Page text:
“That (June) was an interesting month,” says Shannon, of his trip to the Stanley Cup Final and a trip abroad as well. “I was actually in Italy on a little trip and I got a call from my agent that I had been traded and I was making calls to management from a phone booth in Venice. I’m looking forward to next year and the opportunity to prove myself.”
Although he didn’t light it up in 53 regular season games in his rookie season with the Ducks, the 5’9” 180 pound native of Darien, Connecticut put up impressive numbers over a stellar four-year career at Boston College. Shannon averaged better than a point a game over his last three years there and was the Eagles’ captain in his final campaign on campus where he was a teammate of Canuck netminding prospect Cory Schneider.
He was also a teammate of Canucks centre Ryan Kesler on Team USA at the 2003 World Junior Hockey Championship in Halifax where the Americans finished fourth falling 3-2 in the bronze medal game to Finland.
And Shannon had no problems making the jump to the pro game scoring 27 goals and adding 59 assists for 86 points and a spot on the American Hockey League all-rookie team in 2006 in his first full season with the Ducks’ top farm club in Portland, ME.
Last year, Shannon scored a pair of goals (in consecutive games last October) and had nine assists in his first shot at the NHL level. He also played in 11 games (including all five against the Canucks) in the Ducks run to the Stanley Cup last spring.
“We feel that Ryan still has the opportunity to become a solid NHL player," said Nonis after playing Let’s Make a Deal with Brian Burke and acquiring Shannon from Anaheim in exchange for Jason King. "There are still some question marks with his game, but we see him as a prospect. He played a number of games in the NHL this year and obviously learned some things playing on a championship team in Anaheim. He brings some speed to our organization and this is a good opportunity for him.”
Shannon appears to be the prototypical player who could thrive in today’s National Hockey League with less obstruction and more room to freewheel. Size has always been an issue for the 24-year-old, but like so many who’ve had to overcome that obstacle to forge a career in professional hockey, Ryan Shannon uses his speed as a weapon backing defenders off and creating room to operate.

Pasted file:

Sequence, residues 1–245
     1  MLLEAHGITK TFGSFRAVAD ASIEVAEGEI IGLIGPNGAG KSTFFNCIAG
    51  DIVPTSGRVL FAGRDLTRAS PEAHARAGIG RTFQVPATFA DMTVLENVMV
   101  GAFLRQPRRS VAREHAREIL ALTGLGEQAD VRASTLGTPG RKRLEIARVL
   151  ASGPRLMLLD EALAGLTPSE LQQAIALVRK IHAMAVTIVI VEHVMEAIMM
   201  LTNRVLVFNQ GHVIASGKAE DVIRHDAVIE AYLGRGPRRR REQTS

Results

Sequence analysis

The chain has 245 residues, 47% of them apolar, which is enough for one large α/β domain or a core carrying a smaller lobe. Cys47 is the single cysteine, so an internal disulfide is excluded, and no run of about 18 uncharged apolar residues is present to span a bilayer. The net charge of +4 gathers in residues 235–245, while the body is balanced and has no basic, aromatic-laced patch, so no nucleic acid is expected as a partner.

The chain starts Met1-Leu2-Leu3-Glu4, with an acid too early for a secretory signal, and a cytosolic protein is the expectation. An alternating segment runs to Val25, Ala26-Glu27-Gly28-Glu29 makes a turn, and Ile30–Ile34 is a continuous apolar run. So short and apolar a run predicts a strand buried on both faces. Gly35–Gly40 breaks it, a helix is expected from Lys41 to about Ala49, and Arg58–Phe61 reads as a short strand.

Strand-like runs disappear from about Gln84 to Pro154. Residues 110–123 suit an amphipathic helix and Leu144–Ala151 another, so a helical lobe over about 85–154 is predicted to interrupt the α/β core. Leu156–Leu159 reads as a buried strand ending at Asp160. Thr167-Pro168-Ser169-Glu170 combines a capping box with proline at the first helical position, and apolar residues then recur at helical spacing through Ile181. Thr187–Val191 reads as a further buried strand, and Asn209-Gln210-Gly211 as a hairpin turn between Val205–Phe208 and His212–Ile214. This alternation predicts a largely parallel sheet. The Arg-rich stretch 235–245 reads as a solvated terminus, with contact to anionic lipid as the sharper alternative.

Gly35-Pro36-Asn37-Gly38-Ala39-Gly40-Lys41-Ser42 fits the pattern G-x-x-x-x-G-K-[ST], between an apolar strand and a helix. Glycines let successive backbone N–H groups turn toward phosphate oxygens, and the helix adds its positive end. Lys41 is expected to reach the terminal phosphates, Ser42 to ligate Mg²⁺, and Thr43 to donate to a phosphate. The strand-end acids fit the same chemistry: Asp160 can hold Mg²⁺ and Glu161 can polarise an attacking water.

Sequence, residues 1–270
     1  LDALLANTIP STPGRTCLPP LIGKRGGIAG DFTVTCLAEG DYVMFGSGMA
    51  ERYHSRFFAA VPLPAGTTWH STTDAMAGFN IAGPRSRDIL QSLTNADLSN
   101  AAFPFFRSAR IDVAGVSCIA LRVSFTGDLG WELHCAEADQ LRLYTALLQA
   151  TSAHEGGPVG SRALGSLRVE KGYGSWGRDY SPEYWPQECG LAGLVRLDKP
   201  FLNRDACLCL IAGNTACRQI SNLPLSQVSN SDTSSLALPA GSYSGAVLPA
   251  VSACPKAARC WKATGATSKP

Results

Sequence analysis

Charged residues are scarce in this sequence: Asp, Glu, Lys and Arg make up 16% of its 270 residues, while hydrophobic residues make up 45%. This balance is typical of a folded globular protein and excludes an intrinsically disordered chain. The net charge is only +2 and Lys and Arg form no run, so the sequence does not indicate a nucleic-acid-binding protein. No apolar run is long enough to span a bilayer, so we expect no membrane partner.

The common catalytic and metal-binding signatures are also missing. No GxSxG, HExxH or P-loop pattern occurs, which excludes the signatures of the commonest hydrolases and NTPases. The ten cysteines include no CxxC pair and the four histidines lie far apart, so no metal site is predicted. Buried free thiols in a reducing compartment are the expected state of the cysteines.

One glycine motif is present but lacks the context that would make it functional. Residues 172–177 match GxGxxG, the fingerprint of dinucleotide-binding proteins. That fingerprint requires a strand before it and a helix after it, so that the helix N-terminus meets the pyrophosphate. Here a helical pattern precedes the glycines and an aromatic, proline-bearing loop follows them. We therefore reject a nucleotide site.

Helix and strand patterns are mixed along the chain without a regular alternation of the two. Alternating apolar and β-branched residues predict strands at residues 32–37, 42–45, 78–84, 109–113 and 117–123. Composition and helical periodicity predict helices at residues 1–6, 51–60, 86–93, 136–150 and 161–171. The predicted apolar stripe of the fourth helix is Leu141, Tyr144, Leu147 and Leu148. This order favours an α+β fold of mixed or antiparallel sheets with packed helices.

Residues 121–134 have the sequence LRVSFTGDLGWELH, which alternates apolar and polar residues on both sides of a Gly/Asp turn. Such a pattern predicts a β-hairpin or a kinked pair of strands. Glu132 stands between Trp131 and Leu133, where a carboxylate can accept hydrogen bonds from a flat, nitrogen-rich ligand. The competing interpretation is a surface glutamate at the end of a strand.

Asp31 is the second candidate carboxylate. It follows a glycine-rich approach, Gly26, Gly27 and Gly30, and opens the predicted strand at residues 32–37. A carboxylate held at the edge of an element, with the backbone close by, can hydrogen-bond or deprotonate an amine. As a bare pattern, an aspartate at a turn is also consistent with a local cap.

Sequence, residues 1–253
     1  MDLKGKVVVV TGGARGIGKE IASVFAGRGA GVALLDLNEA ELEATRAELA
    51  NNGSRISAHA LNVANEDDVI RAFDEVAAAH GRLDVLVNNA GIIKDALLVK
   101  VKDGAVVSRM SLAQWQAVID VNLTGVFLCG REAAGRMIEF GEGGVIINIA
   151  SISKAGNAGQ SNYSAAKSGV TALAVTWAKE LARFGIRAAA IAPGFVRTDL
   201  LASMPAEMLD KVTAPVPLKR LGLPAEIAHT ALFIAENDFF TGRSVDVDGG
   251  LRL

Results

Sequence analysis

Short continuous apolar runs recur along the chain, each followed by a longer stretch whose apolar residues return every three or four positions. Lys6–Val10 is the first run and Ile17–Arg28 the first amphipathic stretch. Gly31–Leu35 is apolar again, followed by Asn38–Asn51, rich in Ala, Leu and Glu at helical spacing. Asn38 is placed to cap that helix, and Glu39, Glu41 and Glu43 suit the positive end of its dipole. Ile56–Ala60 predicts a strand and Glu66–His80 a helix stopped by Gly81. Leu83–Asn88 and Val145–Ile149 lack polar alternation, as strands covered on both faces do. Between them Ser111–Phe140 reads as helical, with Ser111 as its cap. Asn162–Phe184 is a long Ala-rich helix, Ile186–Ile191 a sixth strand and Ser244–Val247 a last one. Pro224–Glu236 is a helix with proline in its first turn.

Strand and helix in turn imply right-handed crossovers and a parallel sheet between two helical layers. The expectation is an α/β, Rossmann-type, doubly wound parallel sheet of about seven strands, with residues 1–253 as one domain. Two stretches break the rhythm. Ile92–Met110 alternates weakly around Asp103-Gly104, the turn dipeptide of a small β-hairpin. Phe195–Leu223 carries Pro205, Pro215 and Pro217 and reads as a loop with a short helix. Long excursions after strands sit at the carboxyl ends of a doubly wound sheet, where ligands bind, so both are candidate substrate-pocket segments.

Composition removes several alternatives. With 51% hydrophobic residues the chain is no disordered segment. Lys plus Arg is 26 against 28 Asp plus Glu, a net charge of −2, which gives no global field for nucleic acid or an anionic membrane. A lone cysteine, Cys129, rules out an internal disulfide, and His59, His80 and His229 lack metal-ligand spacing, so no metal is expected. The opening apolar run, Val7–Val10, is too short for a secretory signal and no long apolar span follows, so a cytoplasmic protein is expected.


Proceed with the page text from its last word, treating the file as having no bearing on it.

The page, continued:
“He is an excellent playmaker with superb passing skills. He is particularly great in power play situations. While he may be small, Shannon is durable, tenacious and works hard,” says the description of Shannon on the website hockeyfutures.com. “He is smart and possesses great on-ice vision. He is an excellent skater with very good speed who moves well through traffic.”
“When I’m back home in Connecticut in the off-season, one of my work out partners is Martin St. Louis and we talk about the size issue,” Shannon says. “It (size) doesn’t matter. It matters if you let it matter. People say I look smaller than the numbers on the ice. It’s a factor if you make it. But the sport is so much more about heart and determination and commitment.”
Ryan Shannon should have every opportunity to come to Canucks training camp and show the coaching staff what he can do. There’s no question that this is a team that can use players with some offensive flair. Although he hasn’t demonstrated that ability on a consistent basis at the NHL level, this appears to be a player who deserves a long look.
Besides, when you consider that the Canucks picked up Shannon – a player who could have a future here – for a guy who wasn’t likely to ever return to the fold, then it was a deal Dave Nonis had to make.
The Canucks’ GM did okay with that trade he pulled off on the eve of the 2006 draft and, years from now, his draft day deal of 2007 may prove to be a pretty shrewd move too. But that’s up to Ryan Shannon to determine.
Jeff Paterson is a Team 1040 broadcaster and a regular contributor to the Georgia Straight. E-mail him at firstname.lastname@example.org